Review: A Dangerous Method (2012)

“Sometimes you have to do something unforgivable… just to be able to go on living”.

Seduced by the challenge of an impossible case, the driven Dr. Carl Jung (Michael Fassbender) takes the unbalanced yet beautiful Sabina Spielrein (Keira Knightley) as his patient in A Dangerous Method. Jung’s weapon is the method of his master, the renowned Sigmund Freud (Viggo Mortensen). Both men fall under Sabina’s spell

I have been long awaiting David Cronenberg’s A Dangerous Method to get a UK cinema release; the films plot seemed to be a perfect fit for Cronenberg’s sensibilities and the cast near excellent. The plot concerns the friendship that forms and than deteriorates between pioneers of psychoanalysis Carl Jung and Sigmund Freud, surrounding the theory’s that both men are forming and specifically one of Jung’s patients, Sabrina Spielrein.

Cronenberg creates a claustrophobic circle around his three leads that detaches them from the surrounding world. The theory’s that both Jung and Freud are forming and using on their patients don’t just make both men excited, it also get the audience going, so it would have been nice to see a couple of these patients and working practises throughout the film. Cronenberg is no tourist and his decision to keep the films locations firmly in the backdrop are understandable; Vienna though a hundred years ago was an exciting city and a cultural hub in central Europe, and some scenes set in and around the city would have been interesting and appreciated.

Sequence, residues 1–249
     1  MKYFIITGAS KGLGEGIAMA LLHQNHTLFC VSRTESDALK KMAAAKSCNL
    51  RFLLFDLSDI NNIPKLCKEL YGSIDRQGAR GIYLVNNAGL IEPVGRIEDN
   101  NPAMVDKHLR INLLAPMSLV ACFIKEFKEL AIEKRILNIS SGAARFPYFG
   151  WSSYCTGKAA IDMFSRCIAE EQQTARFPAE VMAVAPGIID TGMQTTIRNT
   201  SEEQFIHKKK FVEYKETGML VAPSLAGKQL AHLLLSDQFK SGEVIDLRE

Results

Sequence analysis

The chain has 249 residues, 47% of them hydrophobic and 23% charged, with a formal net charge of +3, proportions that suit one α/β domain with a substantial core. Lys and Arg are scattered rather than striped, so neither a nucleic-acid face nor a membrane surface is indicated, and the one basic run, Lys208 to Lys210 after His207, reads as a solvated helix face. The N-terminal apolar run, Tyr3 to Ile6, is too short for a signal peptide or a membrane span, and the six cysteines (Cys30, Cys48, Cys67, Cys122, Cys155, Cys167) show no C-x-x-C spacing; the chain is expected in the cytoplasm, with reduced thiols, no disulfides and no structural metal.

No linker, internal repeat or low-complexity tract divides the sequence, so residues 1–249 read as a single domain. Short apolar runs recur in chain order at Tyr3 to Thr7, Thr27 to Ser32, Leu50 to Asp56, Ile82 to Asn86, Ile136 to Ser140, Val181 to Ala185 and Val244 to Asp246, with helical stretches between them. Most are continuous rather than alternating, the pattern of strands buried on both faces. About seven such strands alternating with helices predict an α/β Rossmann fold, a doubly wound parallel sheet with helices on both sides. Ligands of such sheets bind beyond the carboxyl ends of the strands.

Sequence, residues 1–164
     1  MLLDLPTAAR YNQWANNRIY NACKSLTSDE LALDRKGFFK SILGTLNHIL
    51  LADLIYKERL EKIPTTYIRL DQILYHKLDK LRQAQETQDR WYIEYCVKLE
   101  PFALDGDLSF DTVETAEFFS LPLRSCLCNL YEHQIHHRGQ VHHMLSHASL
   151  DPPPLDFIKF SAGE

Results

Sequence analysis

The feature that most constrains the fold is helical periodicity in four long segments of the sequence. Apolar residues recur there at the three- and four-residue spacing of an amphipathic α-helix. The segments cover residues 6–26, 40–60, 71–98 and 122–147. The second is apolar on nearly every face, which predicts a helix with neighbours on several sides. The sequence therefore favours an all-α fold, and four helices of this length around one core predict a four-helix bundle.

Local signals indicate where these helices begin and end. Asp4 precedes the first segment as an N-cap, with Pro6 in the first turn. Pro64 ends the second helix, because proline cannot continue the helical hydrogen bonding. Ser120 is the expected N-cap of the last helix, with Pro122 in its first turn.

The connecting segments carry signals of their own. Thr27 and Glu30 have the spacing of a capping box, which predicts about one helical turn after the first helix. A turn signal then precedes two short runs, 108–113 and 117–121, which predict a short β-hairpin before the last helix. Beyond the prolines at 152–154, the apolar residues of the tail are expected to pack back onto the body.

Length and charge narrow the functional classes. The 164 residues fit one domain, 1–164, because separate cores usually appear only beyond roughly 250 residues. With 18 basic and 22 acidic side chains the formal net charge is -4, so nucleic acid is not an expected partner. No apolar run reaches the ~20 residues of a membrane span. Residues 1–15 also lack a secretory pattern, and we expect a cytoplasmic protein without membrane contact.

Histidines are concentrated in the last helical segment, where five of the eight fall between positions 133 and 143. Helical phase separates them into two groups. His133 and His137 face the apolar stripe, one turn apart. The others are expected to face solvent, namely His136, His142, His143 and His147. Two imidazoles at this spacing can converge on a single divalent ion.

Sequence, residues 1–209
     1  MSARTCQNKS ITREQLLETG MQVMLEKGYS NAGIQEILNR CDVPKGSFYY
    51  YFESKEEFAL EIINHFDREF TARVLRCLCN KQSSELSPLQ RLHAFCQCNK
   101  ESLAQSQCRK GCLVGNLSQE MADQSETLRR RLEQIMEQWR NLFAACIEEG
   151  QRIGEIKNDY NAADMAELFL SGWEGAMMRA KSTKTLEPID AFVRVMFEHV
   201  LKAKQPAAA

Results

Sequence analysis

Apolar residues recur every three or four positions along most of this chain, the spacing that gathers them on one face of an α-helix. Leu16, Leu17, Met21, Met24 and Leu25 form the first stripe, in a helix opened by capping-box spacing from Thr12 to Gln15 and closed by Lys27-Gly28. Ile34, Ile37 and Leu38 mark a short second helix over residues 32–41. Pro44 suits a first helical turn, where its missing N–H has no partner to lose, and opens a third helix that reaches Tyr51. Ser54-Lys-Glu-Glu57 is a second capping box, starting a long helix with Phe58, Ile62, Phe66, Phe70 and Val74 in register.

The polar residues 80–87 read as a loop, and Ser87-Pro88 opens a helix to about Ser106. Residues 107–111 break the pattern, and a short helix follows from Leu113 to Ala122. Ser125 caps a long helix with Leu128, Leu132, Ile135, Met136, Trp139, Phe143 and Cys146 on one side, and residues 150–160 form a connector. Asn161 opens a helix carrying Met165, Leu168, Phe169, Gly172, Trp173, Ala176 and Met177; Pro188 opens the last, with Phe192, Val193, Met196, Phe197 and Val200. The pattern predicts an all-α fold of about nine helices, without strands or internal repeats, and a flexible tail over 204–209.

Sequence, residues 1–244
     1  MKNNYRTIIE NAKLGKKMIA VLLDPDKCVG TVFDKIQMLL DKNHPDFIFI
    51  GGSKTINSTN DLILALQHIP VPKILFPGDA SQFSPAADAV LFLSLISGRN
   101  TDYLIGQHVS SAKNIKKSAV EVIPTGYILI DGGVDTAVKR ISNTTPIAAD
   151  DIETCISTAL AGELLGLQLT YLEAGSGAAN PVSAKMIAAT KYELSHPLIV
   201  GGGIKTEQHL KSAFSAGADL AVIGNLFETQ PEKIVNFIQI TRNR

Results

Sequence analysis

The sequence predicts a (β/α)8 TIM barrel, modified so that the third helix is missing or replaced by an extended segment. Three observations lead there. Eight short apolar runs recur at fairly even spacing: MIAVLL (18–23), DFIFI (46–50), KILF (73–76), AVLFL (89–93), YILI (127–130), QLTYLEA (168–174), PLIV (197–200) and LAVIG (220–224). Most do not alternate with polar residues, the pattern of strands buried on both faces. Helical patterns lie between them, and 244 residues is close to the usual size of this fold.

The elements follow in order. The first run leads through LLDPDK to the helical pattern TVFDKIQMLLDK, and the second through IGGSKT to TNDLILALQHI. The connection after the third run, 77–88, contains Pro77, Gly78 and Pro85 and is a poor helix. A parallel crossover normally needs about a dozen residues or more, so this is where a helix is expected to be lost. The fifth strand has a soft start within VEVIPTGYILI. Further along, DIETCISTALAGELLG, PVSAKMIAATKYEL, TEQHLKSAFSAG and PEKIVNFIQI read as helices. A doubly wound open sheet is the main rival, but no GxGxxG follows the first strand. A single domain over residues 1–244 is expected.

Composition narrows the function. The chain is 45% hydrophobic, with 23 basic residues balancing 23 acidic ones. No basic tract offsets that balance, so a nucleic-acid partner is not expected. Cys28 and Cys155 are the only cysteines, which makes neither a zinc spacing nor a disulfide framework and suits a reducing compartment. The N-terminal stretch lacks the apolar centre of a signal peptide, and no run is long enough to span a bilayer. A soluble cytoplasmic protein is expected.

The production design in this film is beautiful; perfectly complimented by Denise Cronenberg’s elegant costume design and DOP Peter Suschitzky’s lighting each new location looks more enthralling then the last. Cronenberg keeps his camera restrained for the majority of the film and lets scenes play out with a minimum amount of cutting and shoots from conventional camera angles. To stage a film mostly set in small confined rooms, where a quiet stroll through hospital grounds equates to most of the films action, is always a brave move. Originally adapted from an award winning play (Itself adapted from a book) this film was already going to face criticism that is to ‘stagey’ but the high production values really do lift it above this.

If this sounds like the ‘enfant terrible’ of cinema has grown up and matured into a conventional film maker don’t panic too soon! Cronenberg does not shy away from the darker elements that surround the work off all three leads, and the complicated personnel relationship between Yung and Speilrein. The camera is voyeuristic during the sexual scenes between Yung and Spielrein and shoots looking through windows or creeping around corners. And yes, just to get it out of the way there is spanking!

Cronenberg has brought together an impressive cast and Knightly shines out amongst them. Her convincing Russian accent shows research and extensive rehearsal (Something that will come in handy for the film adaptation of Anna Karenina she has just finished shooting with Joe Wright). Knightly nicely creates a buffer between Freud and Jung and really creates a backbone to the film. Both Fassbender and Mortensen turn in well played performances, although I couldn’t quite get my head around Fassbender’s Irish accent.

A Dangerous Method is an accomplished film and has been un-fairly looked over this awards season in the Production and Costume design categories. Both Jung and Freud impose upon the film like huge mythical creatures, and it is the trouble Cronenberg has navigating round these imposing men which becomes the films major downfall. By the films ending I was not sure I knew any more about psychoanalysis than I did at the start, and even Jung himself still seemed like an enigma to me. This is a fine addition to Cronenberg’s catalogue of work, just unfortunately not a great one.


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